Created by Amay Kataria, The Lost Passage is an interactive experience for the web that creates a new digital home for an extinct species called passenger pigeon. It’s a digitally crafted world of a swarm of artificial pigeons, which seem to be inhabiting a sublime yet destitute memory of a lost landscape. However, on closer inspection they are confined within the four walls of this digital space.
Before Europeans began settling in America in the late 1800s, more than 6 billion passenger pigeons used to migrate every year in North America. Within a period of four decades, in 1914 this species was completely extinct. It displayed the capability of industrial humanity that annihilated even the most plentiful of natural resources. This subject raised the question about how the relationship between humans and other non-human living entities like plants, animals, and nature has evolved in the past? Isn’t it a paradox how we have repeatedly found companionship in some of these entities, and yet intervened to annihilate some of the other ones?
Thus, the protagonist of The Lost Passage is a digital clone of this extinct species, which is 3D modelled, textured, and animated as a low-poly model of a passenger pigeon using Blender to be resurrected on the internet. This acts like a ghost of the real pigeon that is lost in time, which is provided an agency by using computation algorithms and artificial intelligence to navigate its new home.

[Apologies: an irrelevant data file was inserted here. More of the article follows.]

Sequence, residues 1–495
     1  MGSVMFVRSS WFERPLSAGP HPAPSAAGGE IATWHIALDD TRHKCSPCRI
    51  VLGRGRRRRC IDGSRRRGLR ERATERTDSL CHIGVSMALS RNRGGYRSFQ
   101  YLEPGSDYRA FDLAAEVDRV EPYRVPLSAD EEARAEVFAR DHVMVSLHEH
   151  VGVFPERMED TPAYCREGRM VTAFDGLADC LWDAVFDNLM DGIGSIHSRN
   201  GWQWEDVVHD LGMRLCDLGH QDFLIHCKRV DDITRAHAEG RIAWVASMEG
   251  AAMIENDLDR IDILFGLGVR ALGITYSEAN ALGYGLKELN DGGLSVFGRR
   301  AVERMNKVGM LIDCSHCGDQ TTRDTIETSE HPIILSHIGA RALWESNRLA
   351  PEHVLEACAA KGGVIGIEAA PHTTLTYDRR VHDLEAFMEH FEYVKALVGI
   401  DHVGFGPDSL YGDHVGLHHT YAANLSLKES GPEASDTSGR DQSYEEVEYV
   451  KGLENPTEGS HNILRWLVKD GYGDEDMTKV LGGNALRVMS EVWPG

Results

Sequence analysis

The environment of these pigeons is an aesthetic box, where they are trapped, yet can move freely. The walls of this box are painted with a visceral image of a moving landscape that is created using a machine learning tool called GauGan. Traditionally, it takes a segmentation map as an input and outputs an image of a landscape. A terrain model was constructed in Blender using the same materials that GauGan expected and exported a sequence of images shot with a camera. These were fed frame by frame to GauGan to create a moving-image of a landscape. It was eventually painted onto the walls of the box using smart texture wrapping techniques in WebGL to produce a kaleidoscopic, sublime, yet destitute memory of a changing landscape as a new home for our digital passenger pigeons.
All these processes were weaved together in an interactive website developed with Three.js, where the audience is brought in close proximity to the flock to immerse themselves in this new environment accompanied by a soundscape. By panning the mouse, the audience can observe the flock’s murmurations from different perspectives and feel like they are part of this swarm themselves. This website is compatible on mobile, tablet, and desktop devices.